This is my book club’s choice for this month. We’ve done plenty of WWII historical fiction, but none quite this epic…it spans 1915-1952 in the town of Burgdorf, Germany.
Trudi Montag is a Zwerg (dwarf) woman living in Burgdorf with her father Leo who owns the pay-library. At the start of the novel, Trudi is 4 years old and newly realizing that her stature sets her apart and makes her undesirably “outsider”. Trudi also discovers that she is a natural storyteller, and her position in the pay-library affords her knowledge of the goings-on of a huge cast of neighbors, friends, and townspeople with whom she can swap stories. Because she is different, she senses the differences of others with keen empathy and understanding. “For Trudi, it was amazing to discover how many reasons other than size could turn you into an outsider–your religion, your race, your opinions. Enemies could endanger you with rumors; friends might involuntarily destroy you by repeating something they’d heard you say.”
This outsider backdrop is a fascinating way to filter the very gradual and insidious rise of the Nazis and Hitler in the everyday lives of average Germans. I can’t remember reading any fiction that tracks the indoctrination and political and personal pressure over such a span of time. Some of Burgdorf’s people think Hitler will bring great glory and economic success to a struggling Germany, while others see the danger of handing over so much power. It’s easy to see how it could happen anywhere. It’s hardest to read about those Jews and political dissidents who have an optimistic view of their beloved country and neighbors…they keeep thinking people will come back to their senses…that the unthinkable can’t happen. But of course, it does.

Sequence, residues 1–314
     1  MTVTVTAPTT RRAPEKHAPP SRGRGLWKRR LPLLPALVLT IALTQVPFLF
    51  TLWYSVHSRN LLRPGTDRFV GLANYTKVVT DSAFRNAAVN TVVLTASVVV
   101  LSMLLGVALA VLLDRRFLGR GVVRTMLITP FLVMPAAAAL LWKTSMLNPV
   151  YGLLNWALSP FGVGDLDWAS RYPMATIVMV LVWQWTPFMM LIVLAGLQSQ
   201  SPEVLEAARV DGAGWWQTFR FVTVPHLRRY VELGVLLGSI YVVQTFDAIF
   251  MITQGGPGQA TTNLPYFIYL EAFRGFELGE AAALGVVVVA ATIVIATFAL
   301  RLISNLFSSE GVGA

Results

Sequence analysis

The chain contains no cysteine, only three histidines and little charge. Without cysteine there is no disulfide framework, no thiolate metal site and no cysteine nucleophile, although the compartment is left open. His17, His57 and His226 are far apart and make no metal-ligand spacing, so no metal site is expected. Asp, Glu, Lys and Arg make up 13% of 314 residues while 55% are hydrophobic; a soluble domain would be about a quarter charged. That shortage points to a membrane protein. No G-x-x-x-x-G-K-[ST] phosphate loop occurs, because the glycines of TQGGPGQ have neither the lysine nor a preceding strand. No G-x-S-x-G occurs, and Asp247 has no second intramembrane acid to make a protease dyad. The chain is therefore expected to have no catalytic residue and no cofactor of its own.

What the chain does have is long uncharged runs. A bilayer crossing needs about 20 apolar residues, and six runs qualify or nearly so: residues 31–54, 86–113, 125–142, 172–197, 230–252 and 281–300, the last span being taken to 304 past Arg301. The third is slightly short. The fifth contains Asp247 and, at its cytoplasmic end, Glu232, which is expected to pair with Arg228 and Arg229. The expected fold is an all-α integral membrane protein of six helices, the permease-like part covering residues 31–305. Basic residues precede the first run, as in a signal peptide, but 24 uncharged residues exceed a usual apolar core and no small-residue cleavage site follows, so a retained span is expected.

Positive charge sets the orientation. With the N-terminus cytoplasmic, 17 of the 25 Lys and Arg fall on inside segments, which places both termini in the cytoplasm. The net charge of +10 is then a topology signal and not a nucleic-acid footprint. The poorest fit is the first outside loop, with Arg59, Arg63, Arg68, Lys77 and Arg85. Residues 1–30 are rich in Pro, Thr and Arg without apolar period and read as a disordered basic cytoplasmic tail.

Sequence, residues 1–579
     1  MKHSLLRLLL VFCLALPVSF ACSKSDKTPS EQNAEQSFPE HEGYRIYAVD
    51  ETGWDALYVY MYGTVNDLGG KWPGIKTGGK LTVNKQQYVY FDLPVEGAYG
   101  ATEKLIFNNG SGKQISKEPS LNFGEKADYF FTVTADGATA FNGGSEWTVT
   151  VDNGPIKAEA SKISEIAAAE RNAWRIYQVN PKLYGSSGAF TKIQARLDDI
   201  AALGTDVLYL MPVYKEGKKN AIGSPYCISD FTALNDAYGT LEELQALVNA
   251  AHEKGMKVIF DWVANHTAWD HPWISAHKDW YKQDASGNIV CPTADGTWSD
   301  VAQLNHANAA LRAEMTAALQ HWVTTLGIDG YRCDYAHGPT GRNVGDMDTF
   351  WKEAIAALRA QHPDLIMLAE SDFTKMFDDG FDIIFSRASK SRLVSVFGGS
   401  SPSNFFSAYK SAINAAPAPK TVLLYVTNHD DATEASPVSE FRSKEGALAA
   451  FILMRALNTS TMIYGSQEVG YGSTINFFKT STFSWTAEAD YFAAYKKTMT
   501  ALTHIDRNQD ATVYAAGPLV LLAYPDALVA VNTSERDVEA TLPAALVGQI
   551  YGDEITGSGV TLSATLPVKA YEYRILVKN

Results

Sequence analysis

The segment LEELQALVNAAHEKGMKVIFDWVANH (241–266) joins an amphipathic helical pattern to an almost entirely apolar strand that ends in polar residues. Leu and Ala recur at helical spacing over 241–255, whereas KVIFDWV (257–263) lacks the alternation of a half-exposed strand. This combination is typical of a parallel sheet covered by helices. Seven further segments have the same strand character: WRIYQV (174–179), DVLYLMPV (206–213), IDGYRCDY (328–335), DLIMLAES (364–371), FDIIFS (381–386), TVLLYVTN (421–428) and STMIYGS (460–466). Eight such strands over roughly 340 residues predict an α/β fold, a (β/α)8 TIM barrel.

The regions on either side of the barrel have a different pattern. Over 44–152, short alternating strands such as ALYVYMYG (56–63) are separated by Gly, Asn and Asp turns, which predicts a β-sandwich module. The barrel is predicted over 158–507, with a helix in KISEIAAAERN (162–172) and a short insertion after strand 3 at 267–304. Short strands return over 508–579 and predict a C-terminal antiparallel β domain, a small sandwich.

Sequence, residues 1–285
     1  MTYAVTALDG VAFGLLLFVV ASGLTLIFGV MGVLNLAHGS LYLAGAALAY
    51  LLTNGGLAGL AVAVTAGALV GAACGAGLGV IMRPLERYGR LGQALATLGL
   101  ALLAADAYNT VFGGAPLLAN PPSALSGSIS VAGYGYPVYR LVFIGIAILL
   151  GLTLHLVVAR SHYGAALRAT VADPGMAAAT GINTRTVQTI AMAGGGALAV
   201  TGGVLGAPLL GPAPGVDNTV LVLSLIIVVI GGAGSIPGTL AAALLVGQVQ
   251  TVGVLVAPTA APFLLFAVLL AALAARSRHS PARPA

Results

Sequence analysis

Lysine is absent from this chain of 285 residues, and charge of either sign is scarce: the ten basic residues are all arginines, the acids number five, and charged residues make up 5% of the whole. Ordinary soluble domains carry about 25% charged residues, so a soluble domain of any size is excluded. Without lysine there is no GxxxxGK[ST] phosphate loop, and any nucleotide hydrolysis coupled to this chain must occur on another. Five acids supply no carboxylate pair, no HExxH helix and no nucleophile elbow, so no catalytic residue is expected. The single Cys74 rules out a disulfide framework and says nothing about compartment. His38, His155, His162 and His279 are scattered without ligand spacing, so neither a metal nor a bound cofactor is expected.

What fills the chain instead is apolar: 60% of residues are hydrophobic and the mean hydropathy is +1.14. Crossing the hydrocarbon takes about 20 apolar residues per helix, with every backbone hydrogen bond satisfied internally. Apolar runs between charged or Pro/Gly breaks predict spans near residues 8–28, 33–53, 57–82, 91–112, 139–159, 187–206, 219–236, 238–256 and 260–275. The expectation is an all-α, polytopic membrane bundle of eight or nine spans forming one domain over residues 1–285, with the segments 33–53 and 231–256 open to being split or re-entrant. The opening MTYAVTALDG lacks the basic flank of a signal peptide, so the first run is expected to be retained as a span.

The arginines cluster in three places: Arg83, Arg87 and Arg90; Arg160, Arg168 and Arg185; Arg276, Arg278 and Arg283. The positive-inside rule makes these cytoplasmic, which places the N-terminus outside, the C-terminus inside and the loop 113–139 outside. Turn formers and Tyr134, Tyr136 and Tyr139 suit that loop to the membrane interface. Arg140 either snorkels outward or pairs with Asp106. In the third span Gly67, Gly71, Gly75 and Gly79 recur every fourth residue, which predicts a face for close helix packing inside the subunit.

Trudi’s very personal heartbreaks and the struggles she shares with her townsfolk lead us again and again to the Rhein, which is as prominent a character in this book as any person. “…as her eyes followed the river, she could all at once see how the end of every motion became the beginning of the next, how the water that came up against a rock found a pattern as it joined the rest of the stream, how the crest of every wave became the descent into the rocking hollow…”. We all know how this story goes, so we naturally wonder how Trudi and her loved ones will fare, how they will cope.
At 525 pages this was not a light read. There were times that I felt that it was work to move through the huge breadth of story. It’s a challenge to take such a huge story and keep it focused. The prose was lovely, and I was most interested in the early years of the Nazis rise as you could see the town being taken over little by little. I’m not sure how much discussion this will generate in my book club, as fiction is flooded with excellent WWII novels, and we’ve already discussed a few.
3.5 out of 5.